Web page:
Ottawa, Ontario – This week, the Royal Canadian Mounted Police (RCMP) and the Chinese Ministry of Public Security (MPS) committed to work together to combat the flow of illicit fentanyl and other opioids into Canada.
RCMP Commissioner Bob Paulson and MPS Vice-Minister Chen Zhimin met in Ottawa following the recent signing by the Honourable Ralph Goodale, Minister of Public Safety and Emergency Preparedness, of a Memorandum of Understanding (MOU) between the two countries to enhance cooperation on combatting crime. During this meeting both parties agreed to strengthen coordinated law enforcement actions to disrupt the supply of fentanyl and synthetic opioids. Discussion to formalize joint investigations will begin next week during ongoing Canada-China Working Group meetings between law enforcement agencies of the two countries.
The issue of fentanyl and illicit opioids remains a top concern for the RCMP. There have been numerous recent examples of how Canadian law enforcement agencies have been successful at intercepting and preventing the trafficking of fentanyl into Canada, including:
In June, 1 kg of carfentanil from China was seized by the Canada Border Services Agency (CBSA) in Vancouver.
On October 10, Vancouver Island RCMP seized 1 kg of fentanyl during a routine traffic stop.
On November 3, a package of Furanyl-fentanyl from China was intercepted at the Vancouver International Mail Centre.
“Fentanyl and other opioids pose a grave threat to the safety of Canadian communities. Our meeting this week was an important step forward and highlights the commitment between our two organizations to enhance operational collaboration, identify key areas of concern, and work towards a coordinated approach to combat fentanyl trafficking.” – Bob Paulson, RCMP Commissioner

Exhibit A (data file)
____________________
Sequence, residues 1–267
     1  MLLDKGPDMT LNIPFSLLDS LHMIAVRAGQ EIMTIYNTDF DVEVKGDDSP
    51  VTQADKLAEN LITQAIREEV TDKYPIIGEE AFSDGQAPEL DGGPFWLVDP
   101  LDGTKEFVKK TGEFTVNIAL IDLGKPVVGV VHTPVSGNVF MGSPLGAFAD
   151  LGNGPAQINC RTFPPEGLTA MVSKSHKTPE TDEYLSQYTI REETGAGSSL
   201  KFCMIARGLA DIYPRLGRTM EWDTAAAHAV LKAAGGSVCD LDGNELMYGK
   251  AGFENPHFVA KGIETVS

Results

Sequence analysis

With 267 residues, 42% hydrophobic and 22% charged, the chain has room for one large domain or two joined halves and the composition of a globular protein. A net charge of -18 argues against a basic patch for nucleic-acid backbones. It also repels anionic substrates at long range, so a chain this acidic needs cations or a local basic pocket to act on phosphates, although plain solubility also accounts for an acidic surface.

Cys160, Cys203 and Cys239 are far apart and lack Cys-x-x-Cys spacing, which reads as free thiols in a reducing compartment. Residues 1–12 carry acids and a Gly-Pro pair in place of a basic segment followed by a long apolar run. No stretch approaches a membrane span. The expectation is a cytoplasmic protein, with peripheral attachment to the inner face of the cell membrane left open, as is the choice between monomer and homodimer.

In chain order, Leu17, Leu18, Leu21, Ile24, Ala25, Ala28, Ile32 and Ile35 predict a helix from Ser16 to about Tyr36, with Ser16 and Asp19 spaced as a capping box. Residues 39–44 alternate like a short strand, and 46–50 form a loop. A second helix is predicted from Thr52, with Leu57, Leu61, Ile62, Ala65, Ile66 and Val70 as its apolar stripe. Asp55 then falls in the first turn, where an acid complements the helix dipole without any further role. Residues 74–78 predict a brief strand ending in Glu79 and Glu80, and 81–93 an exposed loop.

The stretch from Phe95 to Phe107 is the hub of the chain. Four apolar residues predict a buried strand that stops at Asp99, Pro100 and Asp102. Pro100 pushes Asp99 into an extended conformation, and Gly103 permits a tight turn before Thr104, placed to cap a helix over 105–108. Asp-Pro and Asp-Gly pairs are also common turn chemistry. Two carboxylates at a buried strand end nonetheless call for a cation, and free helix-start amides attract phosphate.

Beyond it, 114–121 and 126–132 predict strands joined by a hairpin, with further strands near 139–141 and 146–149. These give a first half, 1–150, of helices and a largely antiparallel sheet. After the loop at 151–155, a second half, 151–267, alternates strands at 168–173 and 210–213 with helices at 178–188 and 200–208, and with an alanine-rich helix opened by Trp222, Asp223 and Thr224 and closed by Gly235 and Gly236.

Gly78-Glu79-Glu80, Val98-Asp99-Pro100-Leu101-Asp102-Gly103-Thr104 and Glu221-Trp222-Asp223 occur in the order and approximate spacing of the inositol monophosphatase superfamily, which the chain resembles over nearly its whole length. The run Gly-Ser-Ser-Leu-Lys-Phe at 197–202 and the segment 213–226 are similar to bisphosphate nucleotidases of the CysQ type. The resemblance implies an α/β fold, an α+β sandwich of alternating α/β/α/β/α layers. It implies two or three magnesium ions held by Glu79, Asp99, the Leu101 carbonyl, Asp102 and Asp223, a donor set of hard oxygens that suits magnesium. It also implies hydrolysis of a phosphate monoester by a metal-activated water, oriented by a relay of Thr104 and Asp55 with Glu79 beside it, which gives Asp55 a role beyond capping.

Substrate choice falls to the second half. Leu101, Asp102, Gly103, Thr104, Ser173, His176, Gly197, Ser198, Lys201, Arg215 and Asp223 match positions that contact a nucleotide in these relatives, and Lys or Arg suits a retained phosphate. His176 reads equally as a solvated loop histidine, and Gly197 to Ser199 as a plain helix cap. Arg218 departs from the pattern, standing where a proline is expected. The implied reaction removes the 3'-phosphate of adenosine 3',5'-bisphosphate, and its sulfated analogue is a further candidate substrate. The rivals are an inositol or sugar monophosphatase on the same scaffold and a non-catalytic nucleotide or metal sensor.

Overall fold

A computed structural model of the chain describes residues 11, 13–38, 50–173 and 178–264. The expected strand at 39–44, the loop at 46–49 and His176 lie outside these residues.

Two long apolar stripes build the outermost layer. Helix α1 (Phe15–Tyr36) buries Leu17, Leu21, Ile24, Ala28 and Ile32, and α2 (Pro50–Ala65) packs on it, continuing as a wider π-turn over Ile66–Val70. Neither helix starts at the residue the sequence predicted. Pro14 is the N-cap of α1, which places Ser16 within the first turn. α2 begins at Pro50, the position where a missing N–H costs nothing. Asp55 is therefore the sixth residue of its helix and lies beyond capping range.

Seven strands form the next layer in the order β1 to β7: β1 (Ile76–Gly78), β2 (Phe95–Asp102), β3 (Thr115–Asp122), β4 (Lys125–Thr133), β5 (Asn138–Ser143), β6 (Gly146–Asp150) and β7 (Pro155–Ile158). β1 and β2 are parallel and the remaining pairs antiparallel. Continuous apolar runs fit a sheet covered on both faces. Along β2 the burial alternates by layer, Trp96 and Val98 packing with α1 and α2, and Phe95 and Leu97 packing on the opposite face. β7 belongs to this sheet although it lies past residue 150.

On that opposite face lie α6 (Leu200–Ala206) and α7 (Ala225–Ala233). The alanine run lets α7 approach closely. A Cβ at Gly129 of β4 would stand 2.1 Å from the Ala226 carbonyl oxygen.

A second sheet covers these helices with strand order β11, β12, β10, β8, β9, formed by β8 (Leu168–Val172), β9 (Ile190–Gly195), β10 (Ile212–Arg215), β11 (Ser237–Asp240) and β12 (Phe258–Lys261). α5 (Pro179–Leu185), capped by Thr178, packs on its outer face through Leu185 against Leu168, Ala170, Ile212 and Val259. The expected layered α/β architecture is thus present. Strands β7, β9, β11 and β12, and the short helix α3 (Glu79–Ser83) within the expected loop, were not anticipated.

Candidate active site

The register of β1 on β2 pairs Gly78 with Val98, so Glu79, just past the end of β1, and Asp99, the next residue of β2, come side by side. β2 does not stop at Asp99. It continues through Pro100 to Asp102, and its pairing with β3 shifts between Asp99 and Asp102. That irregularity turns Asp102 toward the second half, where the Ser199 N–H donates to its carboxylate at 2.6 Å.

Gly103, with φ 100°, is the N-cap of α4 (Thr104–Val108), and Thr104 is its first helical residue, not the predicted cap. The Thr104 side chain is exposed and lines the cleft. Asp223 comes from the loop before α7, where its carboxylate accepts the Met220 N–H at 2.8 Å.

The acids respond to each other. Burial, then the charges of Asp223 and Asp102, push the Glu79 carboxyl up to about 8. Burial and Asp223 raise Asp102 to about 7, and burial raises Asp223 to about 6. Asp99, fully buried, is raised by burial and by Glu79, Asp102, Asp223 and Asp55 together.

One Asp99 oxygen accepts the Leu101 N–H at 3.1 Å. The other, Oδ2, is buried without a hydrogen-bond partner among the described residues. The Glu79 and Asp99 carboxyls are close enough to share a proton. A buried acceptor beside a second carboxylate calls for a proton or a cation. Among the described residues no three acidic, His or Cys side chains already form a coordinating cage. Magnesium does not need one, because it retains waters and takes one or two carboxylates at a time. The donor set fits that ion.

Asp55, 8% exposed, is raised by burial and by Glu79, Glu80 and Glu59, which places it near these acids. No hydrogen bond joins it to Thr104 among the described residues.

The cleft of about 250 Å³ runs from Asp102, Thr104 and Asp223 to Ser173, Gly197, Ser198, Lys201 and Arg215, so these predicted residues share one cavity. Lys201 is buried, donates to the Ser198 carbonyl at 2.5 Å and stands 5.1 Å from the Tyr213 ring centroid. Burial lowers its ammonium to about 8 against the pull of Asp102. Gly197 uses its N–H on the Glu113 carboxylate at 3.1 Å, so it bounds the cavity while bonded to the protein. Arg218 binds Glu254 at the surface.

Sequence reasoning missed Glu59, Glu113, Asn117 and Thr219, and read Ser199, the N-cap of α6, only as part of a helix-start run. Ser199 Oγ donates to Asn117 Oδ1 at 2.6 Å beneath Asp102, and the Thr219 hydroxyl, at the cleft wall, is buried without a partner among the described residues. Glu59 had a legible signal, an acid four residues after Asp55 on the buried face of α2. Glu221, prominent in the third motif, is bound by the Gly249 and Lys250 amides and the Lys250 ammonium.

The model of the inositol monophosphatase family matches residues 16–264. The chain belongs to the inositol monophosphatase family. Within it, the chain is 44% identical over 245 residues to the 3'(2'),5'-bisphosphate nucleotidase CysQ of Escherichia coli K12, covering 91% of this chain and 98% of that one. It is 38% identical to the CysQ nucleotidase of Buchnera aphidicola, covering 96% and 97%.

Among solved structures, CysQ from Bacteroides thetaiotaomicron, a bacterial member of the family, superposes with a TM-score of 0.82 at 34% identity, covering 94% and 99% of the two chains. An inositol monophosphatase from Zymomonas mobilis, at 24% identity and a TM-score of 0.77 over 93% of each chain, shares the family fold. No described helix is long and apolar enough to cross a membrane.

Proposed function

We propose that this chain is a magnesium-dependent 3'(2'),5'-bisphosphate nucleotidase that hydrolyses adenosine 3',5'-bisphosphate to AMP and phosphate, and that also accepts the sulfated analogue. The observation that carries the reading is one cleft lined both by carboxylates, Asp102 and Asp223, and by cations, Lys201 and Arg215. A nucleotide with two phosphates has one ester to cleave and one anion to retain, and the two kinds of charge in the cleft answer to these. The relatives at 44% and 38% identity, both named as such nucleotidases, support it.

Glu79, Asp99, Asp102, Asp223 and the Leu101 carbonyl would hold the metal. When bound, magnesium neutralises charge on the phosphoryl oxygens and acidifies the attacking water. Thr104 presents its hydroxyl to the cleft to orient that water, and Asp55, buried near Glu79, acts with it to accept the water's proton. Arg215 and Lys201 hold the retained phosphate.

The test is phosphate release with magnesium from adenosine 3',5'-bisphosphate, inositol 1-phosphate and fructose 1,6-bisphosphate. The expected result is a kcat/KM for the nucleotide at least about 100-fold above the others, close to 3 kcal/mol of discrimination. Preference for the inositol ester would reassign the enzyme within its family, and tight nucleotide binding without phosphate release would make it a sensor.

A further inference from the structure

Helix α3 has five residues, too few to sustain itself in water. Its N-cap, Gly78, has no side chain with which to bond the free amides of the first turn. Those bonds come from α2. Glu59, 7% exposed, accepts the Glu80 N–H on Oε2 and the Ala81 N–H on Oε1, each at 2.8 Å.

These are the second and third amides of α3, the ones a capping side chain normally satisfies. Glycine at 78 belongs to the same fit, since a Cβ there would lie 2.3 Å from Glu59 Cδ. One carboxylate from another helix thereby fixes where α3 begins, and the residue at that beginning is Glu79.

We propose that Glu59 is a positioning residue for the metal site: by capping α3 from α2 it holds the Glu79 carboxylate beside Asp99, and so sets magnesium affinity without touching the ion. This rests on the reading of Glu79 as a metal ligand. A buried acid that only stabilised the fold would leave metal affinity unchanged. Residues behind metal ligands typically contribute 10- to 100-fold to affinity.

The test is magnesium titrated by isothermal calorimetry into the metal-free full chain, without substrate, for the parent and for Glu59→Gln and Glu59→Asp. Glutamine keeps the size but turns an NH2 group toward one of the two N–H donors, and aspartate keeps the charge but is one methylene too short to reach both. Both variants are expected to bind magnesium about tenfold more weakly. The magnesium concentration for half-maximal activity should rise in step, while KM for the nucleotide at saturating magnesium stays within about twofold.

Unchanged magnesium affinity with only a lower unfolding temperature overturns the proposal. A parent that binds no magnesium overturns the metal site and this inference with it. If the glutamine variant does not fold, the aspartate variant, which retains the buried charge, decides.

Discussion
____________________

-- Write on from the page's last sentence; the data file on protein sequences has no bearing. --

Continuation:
China has cooperated with Canada and other international partners to disrupt the export of fentanyl, including classifying a number of fentanyl analogues as controlled substances under Chinese law and investigating leads provided by foreign law enforcement.
The RCMP is committed to collaborating with its international law enforcement partners to actively pursue the criminal networks that are responsible for this epidemic.
Fentanyl is a highly potent and addictive synthetic opioid analgesic that is estimated to be up to 100 times stronger than morphine; carfentanil is 100 times more powerful than fentanyl.
Networks operate on the Internet via the dark web, which continues to serve as the main gateway for the sale of illicit fentanyl in Canada.
Fentanyl has legitimate medicinal uses as an anesthetic and for severe pain management. Illicit activities with fentanyl are controlled under the Controlled Drugs and Substances Act which sets out the criminal offences and penalties.
Domestically, illicit fentanyl can be found in powder or liquid form as well as pressed into tablets mimicking the appearance of known pharmaceuticals such as OxyContin.
The effects of fentanyl are unpredictable. Users have no control over the level of purity or the potency of what they consume.
Two milligrams of pure fentanyl (the size of about 4 grains of salt) is enough to kill the average adult.
Public health and law enforcement officials have flagged that illicit fentanyl is being mixed with other drugs such as heroin and cocaine.